Federal court urged to block deportation of detainees to countries with torture record

[JURIST] The United States should not deport foreign detainees back to their home countries if there is reason to believe they will face torture [JURIST news archive], American Civil Liberties Union (ACLU) lawyers argued [press release] Thursday. Appearing before the US District Court for the Middle District of Pennsylvania, lawyers representing Sameh Khouzam [ACLU materials], an Egyptian Christian who fled to the United States in 1998 to reportedly escape religious persecution, argued that the US government is not abiding by its obligations under the UN Convention Against Torture [text] by relying on assurances from the Egyptian government that Khouzam will not be tortured if he is returned to authorities in Egypt [JURIST news archive]. Khouzam originally came to the United States seeking asylum, but was detained by US authorities based on claims by Egyptian authorities that he is a murder suspect in his home country.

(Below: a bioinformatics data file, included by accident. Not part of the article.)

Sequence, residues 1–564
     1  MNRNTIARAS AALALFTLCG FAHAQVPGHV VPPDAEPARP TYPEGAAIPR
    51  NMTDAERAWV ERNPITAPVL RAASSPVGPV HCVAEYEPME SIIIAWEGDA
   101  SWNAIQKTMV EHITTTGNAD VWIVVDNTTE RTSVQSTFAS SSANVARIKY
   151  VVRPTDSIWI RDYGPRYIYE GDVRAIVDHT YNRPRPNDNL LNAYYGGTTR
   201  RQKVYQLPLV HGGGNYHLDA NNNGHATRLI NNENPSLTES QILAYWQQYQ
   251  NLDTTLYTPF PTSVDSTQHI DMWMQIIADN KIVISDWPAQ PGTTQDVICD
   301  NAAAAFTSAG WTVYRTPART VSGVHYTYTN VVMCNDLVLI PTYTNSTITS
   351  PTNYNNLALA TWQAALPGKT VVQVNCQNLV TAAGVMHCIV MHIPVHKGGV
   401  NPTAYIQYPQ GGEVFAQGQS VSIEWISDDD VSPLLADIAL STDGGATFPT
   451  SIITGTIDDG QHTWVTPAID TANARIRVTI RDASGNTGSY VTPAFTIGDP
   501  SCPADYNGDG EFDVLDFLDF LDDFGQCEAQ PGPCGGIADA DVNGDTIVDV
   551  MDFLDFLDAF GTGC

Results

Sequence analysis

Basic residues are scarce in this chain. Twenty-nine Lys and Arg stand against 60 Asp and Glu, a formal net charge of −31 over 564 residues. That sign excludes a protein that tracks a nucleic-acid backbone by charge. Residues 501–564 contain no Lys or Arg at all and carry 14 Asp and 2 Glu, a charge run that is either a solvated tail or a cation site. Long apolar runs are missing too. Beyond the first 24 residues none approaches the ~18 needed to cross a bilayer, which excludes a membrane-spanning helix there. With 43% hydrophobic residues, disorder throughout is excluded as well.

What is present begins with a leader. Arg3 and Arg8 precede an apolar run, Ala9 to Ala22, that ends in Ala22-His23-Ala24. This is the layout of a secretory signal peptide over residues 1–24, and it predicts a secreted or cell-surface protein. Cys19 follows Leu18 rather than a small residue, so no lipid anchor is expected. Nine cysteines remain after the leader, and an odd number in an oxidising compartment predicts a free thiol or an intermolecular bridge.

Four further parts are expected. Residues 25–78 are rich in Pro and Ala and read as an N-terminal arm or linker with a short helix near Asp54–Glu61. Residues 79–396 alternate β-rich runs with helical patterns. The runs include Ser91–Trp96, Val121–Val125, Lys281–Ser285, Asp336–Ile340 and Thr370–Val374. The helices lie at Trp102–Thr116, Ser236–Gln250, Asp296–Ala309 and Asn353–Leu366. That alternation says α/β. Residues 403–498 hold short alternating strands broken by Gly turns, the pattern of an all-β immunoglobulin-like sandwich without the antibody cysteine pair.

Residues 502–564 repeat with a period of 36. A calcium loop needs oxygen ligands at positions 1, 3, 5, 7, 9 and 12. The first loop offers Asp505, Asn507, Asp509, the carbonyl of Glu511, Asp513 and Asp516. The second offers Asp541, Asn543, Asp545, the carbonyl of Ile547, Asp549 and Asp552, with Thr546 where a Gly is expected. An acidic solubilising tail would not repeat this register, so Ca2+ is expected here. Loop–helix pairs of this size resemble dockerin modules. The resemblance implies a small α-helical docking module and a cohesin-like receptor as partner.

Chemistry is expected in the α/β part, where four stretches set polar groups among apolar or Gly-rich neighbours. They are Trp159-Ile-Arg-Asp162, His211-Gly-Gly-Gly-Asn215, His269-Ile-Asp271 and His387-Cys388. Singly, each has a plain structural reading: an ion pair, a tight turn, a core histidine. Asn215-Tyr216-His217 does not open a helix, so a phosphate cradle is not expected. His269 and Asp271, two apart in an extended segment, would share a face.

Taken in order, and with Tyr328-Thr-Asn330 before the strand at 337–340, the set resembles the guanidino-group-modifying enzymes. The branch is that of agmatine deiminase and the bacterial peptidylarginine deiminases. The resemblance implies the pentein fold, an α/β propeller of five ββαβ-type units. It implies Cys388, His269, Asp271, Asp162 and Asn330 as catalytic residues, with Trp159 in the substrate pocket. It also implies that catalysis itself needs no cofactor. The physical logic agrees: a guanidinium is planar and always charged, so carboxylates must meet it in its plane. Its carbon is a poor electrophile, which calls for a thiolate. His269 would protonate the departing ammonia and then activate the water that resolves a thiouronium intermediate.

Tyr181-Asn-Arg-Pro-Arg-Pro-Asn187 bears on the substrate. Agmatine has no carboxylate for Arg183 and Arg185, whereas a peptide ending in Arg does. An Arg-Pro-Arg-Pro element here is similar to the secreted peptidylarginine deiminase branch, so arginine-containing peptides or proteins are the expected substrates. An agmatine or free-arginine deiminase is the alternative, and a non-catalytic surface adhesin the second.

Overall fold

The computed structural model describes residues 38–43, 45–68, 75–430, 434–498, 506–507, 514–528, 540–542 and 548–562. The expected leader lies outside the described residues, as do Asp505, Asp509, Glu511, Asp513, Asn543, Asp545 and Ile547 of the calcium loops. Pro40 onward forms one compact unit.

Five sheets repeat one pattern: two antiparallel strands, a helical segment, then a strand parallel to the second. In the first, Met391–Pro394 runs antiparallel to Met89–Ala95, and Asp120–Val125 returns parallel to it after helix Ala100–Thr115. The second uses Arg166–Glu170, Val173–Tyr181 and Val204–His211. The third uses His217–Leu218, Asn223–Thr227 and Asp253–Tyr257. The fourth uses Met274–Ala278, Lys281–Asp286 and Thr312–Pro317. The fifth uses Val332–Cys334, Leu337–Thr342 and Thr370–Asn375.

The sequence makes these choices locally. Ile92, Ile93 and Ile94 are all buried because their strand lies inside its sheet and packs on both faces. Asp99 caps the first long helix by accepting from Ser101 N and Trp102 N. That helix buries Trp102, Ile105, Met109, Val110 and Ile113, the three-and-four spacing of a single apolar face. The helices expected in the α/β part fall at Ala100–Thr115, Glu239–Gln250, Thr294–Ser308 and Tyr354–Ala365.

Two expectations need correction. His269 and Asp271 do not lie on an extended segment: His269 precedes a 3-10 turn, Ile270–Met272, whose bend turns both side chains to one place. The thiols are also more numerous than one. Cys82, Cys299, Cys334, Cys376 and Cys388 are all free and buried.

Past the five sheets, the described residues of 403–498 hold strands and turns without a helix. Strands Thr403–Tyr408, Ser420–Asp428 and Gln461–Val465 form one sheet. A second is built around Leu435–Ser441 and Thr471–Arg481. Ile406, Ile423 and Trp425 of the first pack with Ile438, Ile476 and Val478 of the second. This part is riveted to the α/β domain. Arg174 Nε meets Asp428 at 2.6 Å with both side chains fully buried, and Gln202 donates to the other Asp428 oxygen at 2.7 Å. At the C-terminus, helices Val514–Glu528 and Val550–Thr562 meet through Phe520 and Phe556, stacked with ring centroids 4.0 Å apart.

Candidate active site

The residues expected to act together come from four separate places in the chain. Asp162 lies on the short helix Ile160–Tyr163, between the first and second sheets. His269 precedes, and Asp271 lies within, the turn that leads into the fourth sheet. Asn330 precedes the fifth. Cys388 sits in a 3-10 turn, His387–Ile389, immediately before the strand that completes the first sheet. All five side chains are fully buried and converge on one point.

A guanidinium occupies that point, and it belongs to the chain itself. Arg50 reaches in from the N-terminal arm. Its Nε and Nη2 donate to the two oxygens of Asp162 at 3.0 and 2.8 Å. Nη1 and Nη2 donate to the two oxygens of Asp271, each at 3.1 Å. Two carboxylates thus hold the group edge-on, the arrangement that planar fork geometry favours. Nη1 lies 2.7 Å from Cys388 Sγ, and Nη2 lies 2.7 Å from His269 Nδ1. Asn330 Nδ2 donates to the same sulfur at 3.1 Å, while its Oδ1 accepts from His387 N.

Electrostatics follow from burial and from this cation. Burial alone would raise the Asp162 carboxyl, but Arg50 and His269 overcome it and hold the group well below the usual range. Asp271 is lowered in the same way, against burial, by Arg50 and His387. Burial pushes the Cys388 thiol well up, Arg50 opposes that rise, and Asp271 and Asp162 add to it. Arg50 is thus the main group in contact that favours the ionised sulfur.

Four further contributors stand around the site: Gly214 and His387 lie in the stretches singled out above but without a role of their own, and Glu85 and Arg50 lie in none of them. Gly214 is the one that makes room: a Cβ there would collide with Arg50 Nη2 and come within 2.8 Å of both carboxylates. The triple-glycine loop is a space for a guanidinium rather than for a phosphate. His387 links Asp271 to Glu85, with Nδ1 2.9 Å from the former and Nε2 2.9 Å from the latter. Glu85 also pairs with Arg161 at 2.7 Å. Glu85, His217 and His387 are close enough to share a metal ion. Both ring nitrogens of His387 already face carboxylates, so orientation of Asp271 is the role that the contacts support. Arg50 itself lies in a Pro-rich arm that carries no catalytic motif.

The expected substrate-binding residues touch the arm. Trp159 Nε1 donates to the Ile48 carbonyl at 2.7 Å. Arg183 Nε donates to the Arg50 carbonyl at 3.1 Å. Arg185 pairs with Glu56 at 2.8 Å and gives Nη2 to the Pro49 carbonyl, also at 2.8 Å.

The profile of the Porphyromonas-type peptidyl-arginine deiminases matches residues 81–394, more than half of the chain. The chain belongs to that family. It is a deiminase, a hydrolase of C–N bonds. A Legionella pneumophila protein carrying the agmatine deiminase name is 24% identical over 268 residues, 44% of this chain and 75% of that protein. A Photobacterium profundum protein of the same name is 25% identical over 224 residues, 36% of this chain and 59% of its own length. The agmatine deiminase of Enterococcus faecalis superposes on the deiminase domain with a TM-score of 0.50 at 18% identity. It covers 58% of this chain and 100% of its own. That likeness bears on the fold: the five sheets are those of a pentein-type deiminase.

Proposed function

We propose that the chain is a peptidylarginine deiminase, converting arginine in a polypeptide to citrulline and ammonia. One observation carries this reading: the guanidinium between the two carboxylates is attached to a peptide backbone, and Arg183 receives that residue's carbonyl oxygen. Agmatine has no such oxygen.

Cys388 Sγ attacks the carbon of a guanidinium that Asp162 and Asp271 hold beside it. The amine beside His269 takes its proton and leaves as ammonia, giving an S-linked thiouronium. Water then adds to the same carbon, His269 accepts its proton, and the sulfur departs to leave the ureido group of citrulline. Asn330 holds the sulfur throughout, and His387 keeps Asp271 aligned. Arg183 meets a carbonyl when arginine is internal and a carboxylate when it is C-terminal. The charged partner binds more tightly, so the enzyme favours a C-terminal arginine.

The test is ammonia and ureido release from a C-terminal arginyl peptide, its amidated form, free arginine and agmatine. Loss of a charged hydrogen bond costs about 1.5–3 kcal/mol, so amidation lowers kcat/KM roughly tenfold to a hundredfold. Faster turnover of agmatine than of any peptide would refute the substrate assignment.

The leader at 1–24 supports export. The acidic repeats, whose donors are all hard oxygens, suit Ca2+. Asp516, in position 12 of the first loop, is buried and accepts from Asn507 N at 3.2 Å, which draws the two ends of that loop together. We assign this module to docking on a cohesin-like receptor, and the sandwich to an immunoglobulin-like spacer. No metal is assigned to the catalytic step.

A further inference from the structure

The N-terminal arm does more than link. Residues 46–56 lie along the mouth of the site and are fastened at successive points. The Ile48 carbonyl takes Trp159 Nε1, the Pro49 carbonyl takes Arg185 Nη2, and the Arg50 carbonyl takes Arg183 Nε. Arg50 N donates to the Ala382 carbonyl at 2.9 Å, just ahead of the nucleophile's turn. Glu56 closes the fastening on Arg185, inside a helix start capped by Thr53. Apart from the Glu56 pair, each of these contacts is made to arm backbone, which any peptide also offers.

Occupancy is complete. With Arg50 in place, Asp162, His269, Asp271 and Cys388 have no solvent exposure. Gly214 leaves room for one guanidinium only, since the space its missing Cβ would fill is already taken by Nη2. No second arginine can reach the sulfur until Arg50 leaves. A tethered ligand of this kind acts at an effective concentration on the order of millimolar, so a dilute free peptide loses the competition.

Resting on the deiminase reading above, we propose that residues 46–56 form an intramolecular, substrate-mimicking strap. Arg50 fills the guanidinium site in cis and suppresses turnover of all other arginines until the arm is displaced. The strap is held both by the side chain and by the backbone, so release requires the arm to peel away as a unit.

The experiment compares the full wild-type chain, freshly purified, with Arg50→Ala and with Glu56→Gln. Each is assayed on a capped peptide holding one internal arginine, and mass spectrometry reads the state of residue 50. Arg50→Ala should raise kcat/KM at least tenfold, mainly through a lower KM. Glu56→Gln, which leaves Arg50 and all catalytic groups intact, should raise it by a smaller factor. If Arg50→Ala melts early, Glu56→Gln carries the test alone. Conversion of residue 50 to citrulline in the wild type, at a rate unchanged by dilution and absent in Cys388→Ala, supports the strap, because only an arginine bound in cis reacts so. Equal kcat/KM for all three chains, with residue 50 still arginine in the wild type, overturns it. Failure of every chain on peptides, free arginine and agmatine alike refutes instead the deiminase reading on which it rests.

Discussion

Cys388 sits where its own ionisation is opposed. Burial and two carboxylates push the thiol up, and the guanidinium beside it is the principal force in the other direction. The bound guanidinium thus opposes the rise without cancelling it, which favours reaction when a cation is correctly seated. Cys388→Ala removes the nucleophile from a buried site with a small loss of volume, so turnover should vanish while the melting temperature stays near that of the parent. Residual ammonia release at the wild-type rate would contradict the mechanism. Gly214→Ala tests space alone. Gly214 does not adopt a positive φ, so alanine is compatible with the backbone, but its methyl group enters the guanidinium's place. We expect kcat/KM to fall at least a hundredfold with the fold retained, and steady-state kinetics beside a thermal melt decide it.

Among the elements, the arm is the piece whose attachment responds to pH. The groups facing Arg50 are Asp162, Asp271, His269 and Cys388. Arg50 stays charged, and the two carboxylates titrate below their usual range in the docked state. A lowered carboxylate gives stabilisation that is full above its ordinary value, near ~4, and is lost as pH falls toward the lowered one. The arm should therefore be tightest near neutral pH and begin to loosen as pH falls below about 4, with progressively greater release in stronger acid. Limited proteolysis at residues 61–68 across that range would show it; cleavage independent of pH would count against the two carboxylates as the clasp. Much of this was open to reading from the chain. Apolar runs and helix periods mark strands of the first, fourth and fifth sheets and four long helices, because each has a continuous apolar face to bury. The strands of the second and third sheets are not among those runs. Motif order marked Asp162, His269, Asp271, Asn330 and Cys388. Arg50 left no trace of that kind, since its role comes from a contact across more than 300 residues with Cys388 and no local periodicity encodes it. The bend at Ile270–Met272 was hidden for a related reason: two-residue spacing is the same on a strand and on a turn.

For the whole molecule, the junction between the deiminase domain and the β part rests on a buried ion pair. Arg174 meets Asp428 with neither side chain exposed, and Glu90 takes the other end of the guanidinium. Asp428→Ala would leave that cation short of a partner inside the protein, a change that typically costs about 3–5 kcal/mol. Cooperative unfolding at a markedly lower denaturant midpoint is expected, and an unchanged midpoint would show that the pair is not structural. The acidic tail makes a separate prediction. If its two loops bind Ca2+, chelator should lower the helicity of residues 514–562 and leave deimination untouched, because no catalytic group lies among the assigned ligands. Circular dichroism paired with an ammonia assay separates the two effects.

Khouzam's case marks the first time a US court may address whether the government can lawfully rely on assurances from foreign governments to deport detainees [JURIST news archive] to countries with a record of engaging in torture. Reuters has more.

 

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